Even the lawns have resigned themselves to feast or famine with what nature provides as moisture, so dry for weeks that the grass and flowers are wilted and beginning to turn the colors of fall, but then, the rain comes. And it comes and comes, so much that everything is squishingly-saturated, bird baths are overflowing, rain meters have reached their capacity for measurement and even the animals, who just days ago were dragging with their tongues touching the ground, are now running for shelter and dry dirt to lay lie on.

But the people, they are reveling in the rain, so thankful for an excuse to stay indoors, away from the smoldering heat and anything that requires that they spend time in the dog days of summer. I have heard the saying “dog days of summer” all of my life, but I have never really known what that technically meant. So I googled it, and this is what I found: The dog days continued through the early 19th century to be perceived as foreboding a time of evil, wherein "the Sea boiled, the Wine turned sour, Dogs grew mad, and all other creatures became languid; causing to man, among other diseases, burning fevers, hysterics, and phrensies." That my friends, is the most accurate explanation I have ever heard for the month of August.

I’ll admit I was ready for fall as early as May, because we sure didn’t have much of a spring this year, other than April and what it brings with it: blooming flowers, green-leaved trees, the fresh smells of dirt and growth – I could really care less if we only had one season, not necessarily winter, but surely not summer either.  Maybe if instead, we just had a season of cool mornings, warm afternoons, and cool, breezy evenings that run you off the front porch come sundown.

But I’m patient, and I hear September calling my name.

Sunday, August 2, 2015

Redneck or Genius

I knew when me and the boys moved to Quincy in 1998, we were moving to the closest version of "in the country" we had ever seen. My children were twelve and three, and although I am sure it was a culture shock for my 12 year old, my 3 year old never skipped a beat, as a matter of fact my three year old flourished. He slipped right into the good old boy network like it was his second skin; scarily so, as most of the changes began to form.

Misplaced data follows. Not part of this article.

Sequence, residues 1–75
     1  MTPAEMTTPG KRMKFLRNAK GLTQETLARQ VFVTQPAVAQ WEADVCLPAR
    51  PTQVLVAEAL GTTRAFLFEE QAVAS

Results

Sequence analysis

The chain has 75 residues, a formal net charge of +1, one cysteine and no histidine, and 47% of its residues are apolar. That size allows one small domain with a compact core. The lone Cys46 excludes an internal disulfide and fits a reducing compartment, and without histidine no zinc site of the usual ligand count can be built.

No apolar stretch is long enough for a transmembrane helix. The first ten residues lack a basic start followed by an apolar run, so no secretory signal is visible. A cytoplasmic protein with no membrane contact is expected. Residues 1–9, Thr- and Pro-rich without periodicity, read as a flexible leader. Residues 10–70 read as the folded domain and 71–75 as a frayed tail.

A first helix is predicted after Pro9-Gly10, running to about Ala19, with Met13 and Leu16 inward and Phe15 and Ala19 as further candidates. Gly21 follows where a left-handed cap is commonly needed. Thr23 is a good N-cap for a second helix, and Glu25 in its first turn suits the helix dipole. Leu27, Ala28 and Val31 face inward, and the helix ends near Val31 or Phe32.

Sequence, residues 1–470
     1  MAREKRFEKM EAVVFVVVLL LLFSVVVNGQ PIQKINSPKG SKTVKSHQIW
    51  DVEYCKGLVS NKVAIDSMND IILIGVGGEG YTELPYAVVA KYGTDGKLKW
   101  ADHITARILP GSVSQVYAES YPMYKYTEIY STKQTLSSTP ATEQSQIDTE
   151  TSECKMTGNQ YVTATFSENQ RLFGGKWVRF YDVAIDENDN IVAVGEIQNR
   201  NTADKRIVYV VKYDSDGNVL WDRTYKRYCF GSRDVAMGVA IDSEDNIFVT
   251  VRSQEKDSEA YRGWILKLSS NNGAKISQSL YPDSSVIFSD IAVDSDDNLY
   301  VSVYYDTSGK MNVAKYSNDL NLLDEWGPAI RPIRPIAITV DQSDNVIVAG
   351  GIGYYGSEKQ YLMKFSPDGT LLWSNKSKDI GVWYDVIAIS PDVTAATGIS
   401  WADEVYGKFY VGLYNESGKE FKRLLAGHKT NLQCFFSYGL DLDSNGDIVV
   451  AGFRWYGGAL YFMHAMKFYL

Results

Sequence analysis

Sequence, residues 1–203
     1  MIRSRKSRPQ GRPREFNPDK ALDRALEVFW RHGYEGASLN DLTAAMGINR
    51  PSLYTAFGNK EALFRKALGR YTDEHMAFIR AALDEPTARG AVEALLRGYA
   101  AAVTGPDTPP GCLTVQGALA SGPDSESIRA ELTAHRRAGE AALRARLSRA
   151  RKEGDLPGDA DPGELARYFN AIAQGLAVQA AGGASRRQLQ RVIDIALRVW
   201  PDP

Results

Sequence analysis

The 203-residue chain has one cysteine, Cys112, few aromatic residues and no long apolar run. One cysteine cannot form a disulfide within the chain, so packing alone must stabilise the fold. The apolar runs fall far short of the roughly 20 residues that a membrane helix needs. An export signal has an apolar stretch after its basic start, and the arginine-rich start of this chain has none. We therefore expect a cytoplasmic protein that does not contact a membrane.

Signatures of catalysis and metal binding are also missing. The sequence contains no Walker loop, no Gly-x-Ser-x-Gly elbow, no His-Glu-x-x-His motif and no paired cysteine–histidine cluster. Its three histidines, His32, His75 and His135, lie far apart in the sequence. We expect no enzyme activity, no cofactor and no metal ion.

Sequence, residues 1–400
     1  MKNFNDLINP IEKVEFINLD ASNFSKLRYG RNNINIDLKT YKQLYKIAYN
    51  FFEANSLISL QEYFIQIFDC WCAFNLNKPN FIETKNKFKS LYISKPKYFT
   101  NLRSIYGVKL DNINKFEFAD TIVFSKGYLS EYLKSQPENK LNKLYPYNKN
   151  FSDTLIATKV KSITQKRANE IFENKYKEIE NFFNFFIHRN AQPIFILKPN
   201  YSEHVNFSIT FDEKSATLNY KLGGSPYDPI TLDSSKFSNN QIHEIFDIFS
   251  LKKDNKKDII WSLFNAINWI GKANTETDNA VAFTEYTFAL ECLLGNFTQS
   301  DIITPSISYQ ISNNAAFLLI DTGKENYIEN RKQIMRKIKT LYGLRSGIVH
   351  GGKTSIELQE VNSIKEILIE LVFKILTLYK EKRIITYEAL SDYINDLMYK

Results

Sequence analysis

He attended a daycare center here in Quincy, so he had constant interaction with other children and adults. We were sitting at our breakfast table one morning, and suddenly I noticed, Zachary was talking funny - out of the side of his mouth, like an old cowboy side-winder, and with some kind of crazy sounding accent to boot.

I looked at my oldest son Josh, and asked him “What in the world was happening to our Zachary?!” I remember telling him, “We moved away too soon, we didn't stay long enough for Zach’s speech to be fully developed! And now, look at him, talking out of the side of his mouth like John Wayne with a southern drawl.”

Well the-talking-out-the-side-of-his-mouth thing was only a phase thank goodness, but the speech, the accent, and the walk is all still there. And on nights like that one long ago, I was thankful for the some of the things Zachary seemed to have picked-up along the way from people like my husband and other men-folk who didn’t mind spending time with him and who had just as much ingenuity as they had “smarts.”

One night when Zach was about fourteen, a storm came through and the lights went out for about three hours. Zach had a party to go to, he hadn’t showered, and we had about an hour to spare before he absolutely had to start getting dressed. I remember being thankful I didn’t have a girl; can you imagine the drama, trying to get her hair washed, dried, and fixed, and her make-up on?!

Zach and my husband disappeared outside into the darkness and I thought “Great! They’re going to the shed to get the generator!” Well, they came back, but they didn’t have the generator, they had my solar lights, the same solar lights that were originally IN THE GROUND, IN MY YARD.

Well, as it turns out, those solar lights make great emergency lights. Our lights went out again just the other night. It had already been a couple of hours, it was getting late, and I was ready to shower, so using the genius idea of my men from years ago, I asked my husband to please bring me one of those lights from outside.

I took my shower AND shaved my legs by the lone beam of solar light (as only one remains now) in the towel rack – with NO CUTS! No batteries required and no worries of fires from candles!

Good ole’ country living with a touch of natural modernization!